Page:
Education is the key to success. But decreasing spending on Ag-Ed is a plan to fail. Benjamin Franklin said it best “To fail to plan, is to plan to fail”.

I am teaching my students (agriculture’s future farmers) to take care of their own families first and their own operation. It is the only sound advice that I have for them at this time. That would include raising their own fuels and growing their own food (gardens), keeping their own seeds for grain production. The American farmer is going to have to put themselves first and foremost. The American farmer has to survive in order to help feeding the world. Most of my students are wheat and beef producers.

Example: of Food Security: if Egypt stops the crude oil from moving around the world, how is the American Farmer going to the plant the seeds to produce the food that they rest of the world needs to eat?

Has anyone thought about: What is China going to do when they want all of the exportable grain from the USA? Are we not indebt to China?? Please forward this information to the right people that can start to make some of the right changes, changes that are going to be needed to have “World Security”! Not just make money for the short term. By the way do you know where America has the “Think Tank” for food security? I need to apply for a job.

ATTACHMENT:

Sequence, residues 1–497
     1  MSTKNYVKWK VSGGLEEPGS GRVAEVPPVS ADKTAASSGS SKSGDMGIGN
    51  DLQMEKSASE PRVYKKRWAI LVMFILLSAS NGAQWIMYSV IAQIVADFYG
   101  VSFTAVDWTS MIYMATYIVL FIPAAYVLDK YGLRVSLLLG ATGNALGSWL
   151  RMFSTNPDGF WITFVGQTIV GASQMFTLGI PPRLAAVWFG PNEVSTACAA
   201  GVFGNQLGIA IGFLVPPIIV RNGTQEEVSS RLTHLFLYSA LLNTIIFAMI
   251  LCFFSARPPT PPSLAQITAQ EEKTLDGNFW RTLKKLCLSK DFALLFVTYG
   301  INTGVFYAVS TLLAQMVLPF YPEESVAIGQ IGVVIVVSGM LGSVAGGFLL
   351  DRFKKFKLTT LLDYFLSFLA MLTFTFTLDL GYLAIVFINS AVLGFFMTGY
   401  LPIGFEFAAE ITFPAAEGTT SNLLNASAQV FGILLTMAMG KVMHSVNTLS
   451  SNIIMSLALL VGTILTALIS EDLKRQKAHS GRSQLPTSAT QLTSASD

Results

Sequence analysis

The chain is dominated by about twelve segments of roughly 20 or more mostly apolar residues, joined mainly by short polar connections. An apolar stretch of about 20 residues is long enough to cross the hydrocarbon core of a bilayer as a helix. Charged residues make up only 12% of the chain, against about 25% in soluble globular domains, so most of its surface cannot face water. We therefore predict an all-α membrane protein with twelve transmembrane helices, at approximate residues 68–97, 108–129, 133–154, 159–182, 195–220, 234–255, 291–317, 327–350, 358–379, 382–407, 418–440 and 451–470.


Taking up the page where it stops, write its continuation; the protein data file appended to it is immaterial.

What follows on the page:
Thank you for your time.

 Patti Armbrister

PS   I think your show should be required for the people in Washington to view before they go to work.


Log In or Sign Up to comment

COMMENTS (1 Comments)

My agricultural teacher, over 50 years ago, used to say that the farmers in the USA grow the food cheaper than any other country in the world and many University professors today are still saying that. I disagree. If it were not for the country borrowing money to subsidize the farmers to put lime on the fields, buy fertilizer, dig ponds, clear fields, level fields, put in drainage pipes, pay for extension agents, guarantee farm loans, etc. The farmers would not have had the money to buy as much machinery, therefore the equipment manufacturers would not have made as many machines to sell to them.
Also you did not mention that the CEO's of the dairy cooperatives like Dean Food got 52 million dollars while the dairy farmer was being paid less than it costs to produce the milk. Today speculators in the stock market is setting the price for grain so high that it is running the animal producers out of business. It is making it so expensive to do business in the USA, that we are importing more and more food all the time. The ethanol program is using corn which could have been used for food and the government is subsidizing it and then some of the ethanol is being sent to Europe at less than the whole cost to produce it, at the taxpayer's expense.
If the crop farmers stop looking at where they can make a profit, they too will go out of business.
1:40 AM Feb 17th
The Home Page of Agriculture
© 2014 Farm Journal, Inc. All Rights Reserved|Web site design and development by|Site Map|Privacy Policy|Terms & Conditions